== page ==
Is Compost Effective in Holding Soils Burned by Wildfires?

Is Compost Effective in Holding Soils Burned by Wildfires?

The answer is YES. Although compost cannot prevent soils from being burnt in wildfires, it can eliminate soil lost during the fire and help restore vegetation post the fire by keeping the soil in place.

This topic was brought to me by one HOTBIN social media follower, Florence Burney, and I thought it was a good subject matter to research and share the findings with our group of followers.

Undeniably, a good amount of compost is being burnt with wildfires (as she correctly mentioned). However, my research revealed that ‘compost’ can absorb and store a considerable amount of water and concentrated nutrients, thus reducing soil runoffs significantly, before and after a fire.

One of many known benefits of using compost in our gardens include improving the water dynamics of soil, water infiltration, percolation, and water-holding capacity. These benefits alone, can reduce irrigation needs, and associated leaching potential. 

So, what about Compost and Wildfires?
Compost cannot stop wildfires. However, a study done on the Colorado slopes post fires found that compost (better than bark) could cut the soil water flow in half, thus eliminating soil loss after a fire for as much as 90%.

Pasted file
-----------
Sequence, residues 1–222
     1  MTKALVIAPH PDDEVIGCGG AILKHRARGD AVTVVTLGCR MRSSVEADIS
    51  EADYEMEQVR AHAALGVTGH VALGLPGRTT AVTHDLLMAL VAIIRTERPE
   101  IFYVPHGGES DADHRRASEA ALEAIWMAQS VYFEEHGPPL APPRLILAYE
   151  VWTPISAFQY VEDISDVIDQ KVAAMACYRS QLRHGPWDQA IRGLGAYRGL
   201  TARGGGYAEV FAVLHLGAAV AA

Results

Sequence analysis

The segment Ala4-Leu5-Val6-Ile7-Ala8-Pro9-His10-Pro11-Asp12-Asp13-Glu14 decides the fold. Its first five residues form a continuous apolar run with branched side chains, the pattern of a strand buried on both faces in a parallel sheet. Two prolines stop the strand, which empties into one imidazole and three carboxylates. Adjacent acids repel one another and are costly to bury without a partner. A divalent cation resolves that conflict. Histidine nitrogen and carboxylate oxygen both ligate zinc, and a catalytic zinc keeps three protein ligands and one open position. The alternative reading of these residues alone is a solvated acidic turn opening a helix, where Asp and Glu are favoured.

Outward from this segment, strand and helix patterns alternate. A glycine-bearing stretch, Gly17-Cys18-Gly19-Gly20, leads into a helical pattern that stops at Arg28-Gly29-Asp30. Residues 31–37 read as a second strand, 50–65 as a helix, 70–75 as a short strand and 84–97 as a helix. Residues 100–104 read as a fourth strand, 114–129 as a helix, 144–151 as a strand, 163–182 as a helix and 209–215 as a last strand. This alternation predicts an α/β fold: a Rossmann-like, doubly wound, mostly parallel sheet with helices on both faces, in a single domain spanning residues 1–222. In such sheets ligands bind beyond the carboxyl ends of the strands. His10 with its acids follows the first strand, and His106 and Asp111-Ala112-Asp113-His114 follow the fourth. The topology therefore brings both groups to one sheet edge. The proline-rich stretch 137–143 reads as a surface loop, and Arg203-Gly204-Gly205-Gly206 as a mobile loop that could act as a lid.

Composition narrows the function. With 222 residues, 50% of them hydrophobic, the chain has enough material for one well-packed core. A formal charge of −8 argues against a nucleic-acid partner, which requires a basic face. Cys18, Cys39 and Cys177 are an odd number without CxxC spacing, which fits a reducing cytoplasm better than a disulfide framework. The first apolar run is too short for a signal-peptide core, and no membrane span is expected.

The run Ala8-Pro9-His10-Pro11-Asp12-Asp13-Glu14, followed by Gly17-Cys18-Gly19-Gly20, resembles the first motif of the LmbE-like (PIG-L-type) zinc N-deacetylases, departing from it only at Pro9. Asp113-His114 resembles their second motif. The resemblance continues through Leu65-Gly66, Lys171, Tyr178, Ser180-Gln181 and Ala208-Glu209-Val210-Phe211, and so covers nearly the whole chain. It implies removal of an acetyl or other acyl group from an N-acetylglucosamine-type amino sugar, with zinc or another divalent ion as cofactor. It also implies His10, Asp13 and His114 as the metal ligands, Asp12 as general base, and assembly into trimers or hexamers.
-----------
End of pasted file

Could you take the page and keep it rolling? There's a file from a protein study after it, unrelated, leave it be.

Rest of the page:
Although there is just a few studies done where the benefits of compost amendment post fire were tested. One done a year after a fire and another done months after, showed that compost helped to stop soil lost and restore vegetation after a wildfire. Soil loss is greatest the first year after a fire, and decreases with time or as vegetation returns. For most effective results, and to stop critical damage, adding compost is recommended as soon as possible or as the fires dies out. 

[1] Rampant fires and the smoke that surrounds us are clear signs that the climate has changed and not for the better. While compost doesn’t have the power to stop this part of the climate crisis, it does have the power to stop the bleeding. It can limit the destruction while we get serious with bigger solutions.

Link to this interesting article on BioCycle, included below.

[1] BioCycle, September 2020. Connections: Recycled Organics And Fire-Ravaged Soils.

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